Russ Sheppard (played by Ben Schnetzer) has no idea what he’s getting into, and when one of his students slugs him during his first class, and almost all the rest walk out, he could be forgiven for hopping on the next plane. But instead he endures and finds a way to get some of his students excited about life again by introducing them to lacrosse and offering them a chance to maybe fly to Toronto to play in a national tournament. But this turns out to be an incredibly challenging dream, with Shepparrd facing opposition not only from parents but from the town council (led by Janace, who is played by Tantoo Cardinal). Fortunately, Sheppard gets support from some enterprising students (like Miranda, played by Emerald MacDonald) and a colleague friend (Mike, played by Will Sasso).

The Grizzlies was originally supposed to focus more on Sheppard’s experiences in Kugluktuk, but de Pencier wisely chose to focus her attention on the students and townspeople of Kugluktuk instead. Even as it was, my biggest complaint about The Grizzlies was the way it shows how a white man came into this Inuit community and gave them hope through sports. This would have been much worse if the film didn’t try so hard to say it was really the students who made the difference and not their teacher, who was often feeling very hopeless.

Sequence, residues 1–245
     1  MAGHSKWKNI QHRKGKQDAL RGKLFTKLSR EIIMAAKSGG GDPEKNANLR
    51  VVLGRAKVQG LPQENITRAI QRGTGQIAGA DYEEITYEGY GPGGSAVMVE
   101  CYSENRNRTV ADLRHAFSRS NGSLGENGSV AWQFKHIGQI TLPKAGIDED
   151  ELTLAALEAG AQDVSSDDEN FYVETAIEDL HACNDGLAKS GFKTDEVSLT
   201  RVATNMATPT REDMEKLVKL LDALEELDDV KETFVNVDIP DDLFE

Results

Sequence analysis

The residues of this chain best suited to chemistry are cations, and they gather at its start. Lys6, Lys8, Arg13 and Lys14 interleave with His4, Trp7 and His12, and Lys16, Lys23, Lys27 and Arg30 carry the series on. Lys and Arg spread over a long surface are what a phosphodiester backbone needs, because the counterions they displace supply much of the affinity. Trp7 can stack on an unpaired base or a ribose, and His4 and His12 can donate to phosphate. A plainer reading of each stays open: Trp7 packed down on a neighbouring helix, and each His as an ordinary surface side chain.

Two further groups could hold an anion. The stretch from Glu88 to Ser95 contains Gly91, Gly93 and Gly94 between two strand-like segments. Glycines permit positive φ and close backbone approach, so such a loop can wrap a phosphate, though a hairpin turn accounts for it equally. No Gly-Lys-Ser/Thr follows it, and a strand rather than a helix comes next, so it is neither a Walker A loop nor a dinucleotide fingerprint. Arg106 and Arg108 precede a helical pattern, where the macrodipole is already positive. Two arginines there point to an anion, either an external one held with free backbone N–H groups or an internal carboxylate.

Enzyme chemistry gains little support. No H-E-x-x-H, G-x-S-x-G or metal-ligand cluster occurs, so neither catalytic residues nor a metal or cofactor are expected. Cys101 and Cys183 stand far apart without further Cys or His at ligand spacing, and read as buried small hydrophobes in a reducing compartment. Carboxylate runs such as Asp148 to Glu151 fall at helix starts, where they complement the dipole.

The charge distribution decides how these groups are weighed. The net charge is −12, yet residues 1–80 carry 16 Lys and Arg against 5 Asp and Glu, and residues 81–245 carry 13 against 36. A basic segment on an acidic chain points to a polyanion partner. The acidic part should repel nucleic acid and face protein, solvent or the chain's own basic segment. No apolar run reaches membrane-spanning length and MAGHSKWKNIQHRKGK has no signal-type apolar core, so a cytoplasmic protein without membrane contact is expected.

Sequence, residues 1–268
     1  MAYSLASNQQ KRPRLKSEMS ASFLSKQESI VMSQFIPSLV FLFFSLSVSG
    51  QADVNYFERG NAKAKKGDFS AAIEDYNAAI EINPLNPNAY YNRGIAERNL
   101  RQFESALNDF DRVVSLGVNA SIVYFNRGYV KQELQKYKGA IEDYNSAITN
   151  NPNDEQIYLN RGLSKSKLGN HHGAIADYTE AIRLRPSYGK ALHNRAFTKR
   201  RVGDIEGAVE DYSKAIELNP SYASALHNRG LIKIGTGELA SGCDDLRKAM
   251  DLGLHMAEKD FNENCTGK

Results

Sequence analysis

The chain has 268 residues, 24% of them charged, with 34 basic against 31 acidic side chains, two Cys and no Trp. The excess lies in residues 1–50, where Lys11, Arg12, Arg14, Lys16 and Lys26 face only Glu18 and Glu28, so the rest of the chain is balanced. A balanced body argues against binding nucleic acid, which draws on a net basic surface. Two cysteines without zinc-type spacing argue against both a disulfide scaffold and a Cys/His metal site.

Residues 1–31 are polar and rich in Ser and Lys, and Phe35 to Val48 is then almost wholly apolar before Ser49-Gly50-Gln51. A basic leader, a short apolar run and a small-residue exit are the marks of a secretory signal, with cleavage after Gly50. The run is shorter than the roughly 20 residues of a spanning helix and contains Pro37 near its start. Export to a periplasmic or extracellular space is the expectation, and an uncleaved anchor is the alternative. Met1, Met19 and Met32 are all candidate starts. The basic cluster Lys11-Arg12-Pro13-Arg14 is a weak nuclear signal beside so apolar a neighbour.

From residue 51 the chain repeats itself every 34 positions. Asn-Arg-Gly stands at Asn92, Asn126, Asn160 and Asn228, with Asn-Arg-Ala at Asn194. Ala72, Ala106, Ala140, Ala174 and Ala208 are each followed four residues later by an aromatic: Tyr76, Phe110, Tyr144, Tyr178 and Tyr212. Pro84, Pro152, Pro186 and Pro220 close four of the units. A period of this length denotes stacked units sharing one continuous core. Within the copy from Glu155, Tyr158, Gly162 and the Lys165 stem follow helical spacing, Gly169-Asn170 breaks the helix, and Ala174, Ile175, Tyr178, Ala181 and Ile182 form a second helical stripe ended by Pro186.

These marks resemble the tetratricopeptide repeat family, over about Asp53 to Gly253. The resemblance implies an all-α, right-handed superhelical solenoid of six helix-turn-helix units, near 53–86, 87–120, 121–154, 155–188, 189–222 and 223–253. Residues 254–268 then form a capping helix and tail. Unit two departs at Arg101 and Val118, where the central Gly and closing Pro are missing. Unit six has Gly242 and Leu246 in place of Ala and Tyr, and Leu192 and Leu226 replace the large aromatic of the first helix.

The Grizzlies is a beautiful film, featuring lots of good acting and generally top-notch writing (there was one scene that made me cringe because it felt so unnaturally contrived). Most important, The Grizzlies provides us with an honest glimpse into the lives and struggles of the Inuit people of northern Canada, with a very strong comment on the role of residential schools in the difficulties facing young people in Kugluktuk today. I know it was an honest glimpse because the Q&A after the film featured members of the community who were represented in the film (along with the director, one of the actors and the real Russ Sheppard) and they told us the film was spot-on in its depiction of life in Kugluktuk.

The Grizzlies is an outstanding opening film and gets a solid ***+ heading toward ****. My mug is up and I encourage all readers to write the name of the film down so you don’t miss it when it gets released in the spring of 2019.

Wednesday, 29 August 2018

TV83: Fargo, Season 3




Like the first two seasons of Fargo, Season 3 is brilliant television. Clearly, Noah Hawley is a genius. And the acting: David Thewlis is phenomenal, Ewan McGregor is as good as I’ve ever seen him, Carrie Coon and Michael Stuhlbarg are terrific as always and Mary Elizabeth Winstead, whom I haven’t seen before, immediately impressed me. The writing is clever and creative, with one powerful scene after another. The direction is solid throughout, and the cinematography and score are exactly right. Classy stuff. Except. Except here’s the thing: I’m never going to recommend that anyone ever watch Fargo, Season 3.